Payton Counts came into the College of Liberal Arts like many first-year students: a little unsure. “I originally thought about psychology, but I wasn’t really sure what I wanted to do or what I wanted to be.”
She had interests in American Sign Language (ASL), American Indian studies, and psychology, but she wasn’t sure how to move forward. That’s when she made an appointment with a CLA advisor, who suggested speech-language-hearing sciences (SLHS) based on Counts’ interests.
Now a 2018 graduate from the University, Counts is shattering expectations of what it means to be an SLHS graduate by doing valuable community action work in a field not always chosen by SLHS majors.
Finding Her Own Path
Graduates of the SLHS program normally diverge into speech pathology or audiology. Speech pathology focuses on the research and treatment of speech and language problems. Audiology, on the other hand, is concerned with hearing and balance problems. “A lot of classes are speech pathology-based and there’s maybe a few that are audiology-based. And along with that, a lot of people in the major are more than likely going to go into speech pathology for their education,” Counts says. Counts herself had planned on going into audiology.
During her senior year, she went to an American Indian Science and Engineering Society National conference to discuss higher education and graduate school. There, a speaker changed her whole perspective. According to Counts, the speaker said that it’s of the utmost importance to choose something you’re passionate about when pursuing higher education. That statement stuck with her, as she had been having trouble deciding what she wanted to do after graduation. “I started thinking about what I was actually passionate about, and I realized that I really do want to be a psychologist!”
In her senior year and now certain of what she wanted to do, Counts reached out to a faculty member from the psychology department whom she had met her first year and a graduate student who had become a mentor to her. Through them, she learned of a job at the Indigenous Peoples Task Force (IPTF).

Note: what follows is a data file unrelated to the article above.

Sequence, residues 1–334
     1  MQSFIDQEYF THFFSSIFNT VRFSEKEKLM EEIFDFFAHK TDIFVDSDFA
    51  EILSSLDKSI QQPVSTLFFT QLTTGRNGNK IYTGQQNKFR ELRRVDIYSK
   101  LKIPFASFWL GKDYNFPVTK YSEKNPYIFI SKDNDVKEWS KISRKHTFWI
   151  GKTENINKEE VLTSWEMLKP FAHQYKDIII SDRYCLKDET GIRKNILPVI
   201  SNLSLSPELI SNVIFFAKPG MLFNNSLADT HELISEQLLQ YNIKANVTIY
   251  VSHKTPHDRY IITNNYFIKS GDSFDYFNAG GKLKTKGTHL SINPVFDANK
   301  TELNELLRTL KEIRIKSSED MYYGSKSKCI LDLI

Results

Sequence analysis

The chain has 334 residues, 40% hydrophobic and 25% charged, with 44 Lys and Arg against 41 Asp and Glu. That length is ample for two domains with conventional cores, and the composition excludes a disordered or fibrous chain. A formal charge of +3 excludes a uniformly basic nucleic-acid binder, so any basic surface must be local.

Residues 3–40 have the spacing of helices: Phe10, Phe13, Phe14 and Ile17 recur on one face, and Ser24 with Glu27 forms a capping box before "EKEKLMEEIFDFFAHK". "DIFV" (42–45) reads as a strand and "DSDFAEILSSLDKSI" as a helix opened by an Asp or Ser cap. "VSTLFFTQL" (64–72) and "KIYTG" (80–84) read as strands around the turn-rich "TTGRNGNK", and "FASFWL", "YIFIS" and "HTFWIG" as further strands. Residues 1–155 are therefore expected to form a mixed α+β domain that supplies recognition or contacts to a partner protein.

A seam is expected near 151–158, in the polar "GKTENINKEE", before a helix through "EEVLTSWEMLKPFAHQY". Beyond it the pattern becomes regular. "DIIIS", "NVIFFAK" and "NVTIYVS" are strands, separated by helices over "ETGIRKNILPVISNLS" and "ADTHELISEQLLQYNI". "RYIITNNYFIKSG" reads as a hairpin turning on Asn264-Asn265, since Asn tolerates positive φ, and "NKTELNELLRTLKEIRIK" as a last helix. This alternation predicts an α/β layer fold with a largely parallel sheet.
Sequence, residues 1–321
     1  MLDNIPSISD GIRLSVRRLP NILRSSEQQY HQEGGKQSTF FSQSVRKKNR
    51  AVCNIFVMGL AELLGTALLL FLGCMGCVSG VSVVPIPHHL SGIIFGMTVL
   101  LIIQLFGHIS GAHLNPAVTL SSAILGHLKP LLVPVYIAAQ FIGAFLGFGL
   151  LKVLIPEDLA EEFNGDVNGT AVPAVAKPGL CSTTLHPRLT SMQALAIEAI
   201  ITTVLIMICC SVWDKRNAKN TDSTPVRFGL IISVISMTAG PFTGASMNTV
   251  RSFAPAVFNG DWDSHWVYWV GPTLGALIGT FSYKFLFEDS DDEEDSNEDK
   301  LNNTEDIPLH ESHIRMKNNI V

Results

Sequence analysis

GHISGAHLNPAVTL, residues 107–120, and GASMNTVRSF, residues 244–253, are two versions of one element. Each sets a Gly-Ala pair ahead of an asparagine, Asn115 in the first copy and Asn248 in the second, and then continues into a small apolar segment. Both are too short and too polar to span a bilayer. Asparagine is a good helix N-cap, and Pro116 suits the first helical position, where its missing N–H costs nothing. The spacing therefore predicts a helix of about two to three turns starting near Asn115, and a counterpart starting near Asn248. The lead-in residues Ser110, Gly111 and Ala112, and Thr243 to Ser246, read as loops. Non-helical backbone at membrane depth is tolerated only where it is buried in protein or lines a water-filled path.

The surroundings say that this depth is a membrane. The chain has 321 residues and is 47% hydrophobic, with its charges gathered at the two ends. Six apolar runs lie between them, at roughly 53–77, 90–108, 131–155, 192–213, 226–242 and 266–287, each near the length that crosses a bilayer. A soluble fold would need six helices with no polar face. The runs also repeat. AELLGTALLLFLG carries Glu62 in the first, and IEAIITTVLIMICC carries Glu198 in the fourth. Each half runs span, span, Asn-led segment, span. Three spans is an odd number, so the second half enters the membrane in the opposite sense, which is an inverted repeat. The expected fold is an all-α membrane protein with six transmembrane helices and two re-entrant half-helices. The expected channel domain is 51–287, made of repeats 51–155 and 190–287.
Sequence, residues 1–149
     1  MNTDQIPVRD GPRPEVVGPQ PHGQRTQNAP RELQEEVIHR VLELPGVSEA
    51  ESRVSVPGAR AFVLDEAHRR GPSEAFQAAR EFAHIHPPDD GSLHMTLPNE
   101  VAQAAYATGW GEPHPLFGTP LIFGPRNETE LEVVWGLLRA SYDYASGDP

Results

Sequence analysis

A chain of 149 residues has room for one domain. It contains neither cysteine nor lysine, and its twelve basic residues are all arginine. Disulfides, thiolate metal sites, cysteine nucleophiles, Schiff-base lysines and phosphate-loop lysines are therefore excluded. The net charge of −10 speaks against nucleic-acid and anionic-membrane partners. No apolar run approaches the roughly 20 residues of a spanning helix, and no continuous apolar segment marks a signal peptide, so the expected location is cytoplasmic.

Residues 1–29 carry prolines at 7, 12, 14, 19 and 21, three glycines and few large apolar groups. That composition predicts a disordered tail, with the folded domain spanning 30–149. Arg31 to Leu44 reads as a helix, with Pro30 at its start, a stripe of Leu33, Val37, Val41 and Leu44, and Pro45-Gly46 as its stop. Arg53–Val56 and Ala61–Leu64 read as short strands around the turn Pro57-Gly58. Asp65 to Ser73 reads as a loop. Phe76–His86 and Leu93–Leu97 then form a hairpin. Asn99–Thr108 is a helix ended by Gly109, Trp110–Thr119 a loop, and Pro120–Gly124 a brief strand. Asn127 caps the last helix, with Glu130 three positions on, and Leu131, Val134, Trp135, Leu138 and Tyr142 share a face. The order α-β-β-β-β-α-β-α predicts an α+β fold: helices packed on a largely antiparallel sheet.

Out in the Workforce
“Originally, I thought, I don’t know, I don’t have the credentials for this job,” Counts remembers. “I applied, went, and interviewed...and they called me back to offer the position!” Through SLHS and her liberal arts degree, Counts had built competencies in applied problem solving, engaging diversity, teamwork and leadership, and active citizenship and community—not to mention career management. All of these competencies prepared her for success at IPTF.
She began working in January 2018 as a “navigator” for the Keep the Fire Alive program, a sector of IPTF dedicated to suicide and substance abuse prevention among native youth in the Twin Cities. In this role she runs two advisory councils, one comprised of Native youth and the other of community members.
Through outreach and community surveys, Counts and her team work to gauge the community’s knowledge of the resources available to its youth, otherwise known as a readiness score.
“We found that the readiness score is pretty low, which is to be expected. One of the main things we do is educating the community. What we’re trying to do is build up that awareness and knowledge...helping people see that the link is there,” Counts says. By working alongside members of the community, they make suicide prevention resources available to as many native youths as possible.
Keep the Fire Alive focuses heavily on providing cultural protectors, such as making drums, singing songs, and offering tobacco to strengthen ties between community and culture. She says her role in this organization has opened her eyes to aspects of her CLA degree that she hadn’t noticed before.
“With CLA, it’s so diverse. You get such a well-rounded education and I think people kind of take it for granted. CLA just does such an awesome job of giving you all of those diverse classes...It plays out more than I thought it would.” All of the classes Counts took, speech pathology or not, gave her valuable skills for the workforce.
Learning for Life
The College of Liberal Arts always encouraged Counts to pursue her many overlapping interests. Now that her focus has shifted from speech-language-hearing sciences to psychology, Counts will return to school after a two-year break. During that time, she hopes to continue working at the NICE (Narrative, Identity, Culture, Education) Lab on campus or get more research experience before PhD applications. She will also continue her work with IPTF, which has established new goals for the community based on its readiness scores.
SLHS gave her a strong foundation for any graduate program, and Counts sees her degree as a blessing. “Even though I’m not using my degree in the way I imagined I would, I wouldn’t have gotten my job had I not had it. The degree unexpectedly gave me this amazing opportunity that I otherwise would not have had, and I get to work in a great community doing work that I love.”
This story was written by an undergraduate student content creator in CLAgency. Meet the team.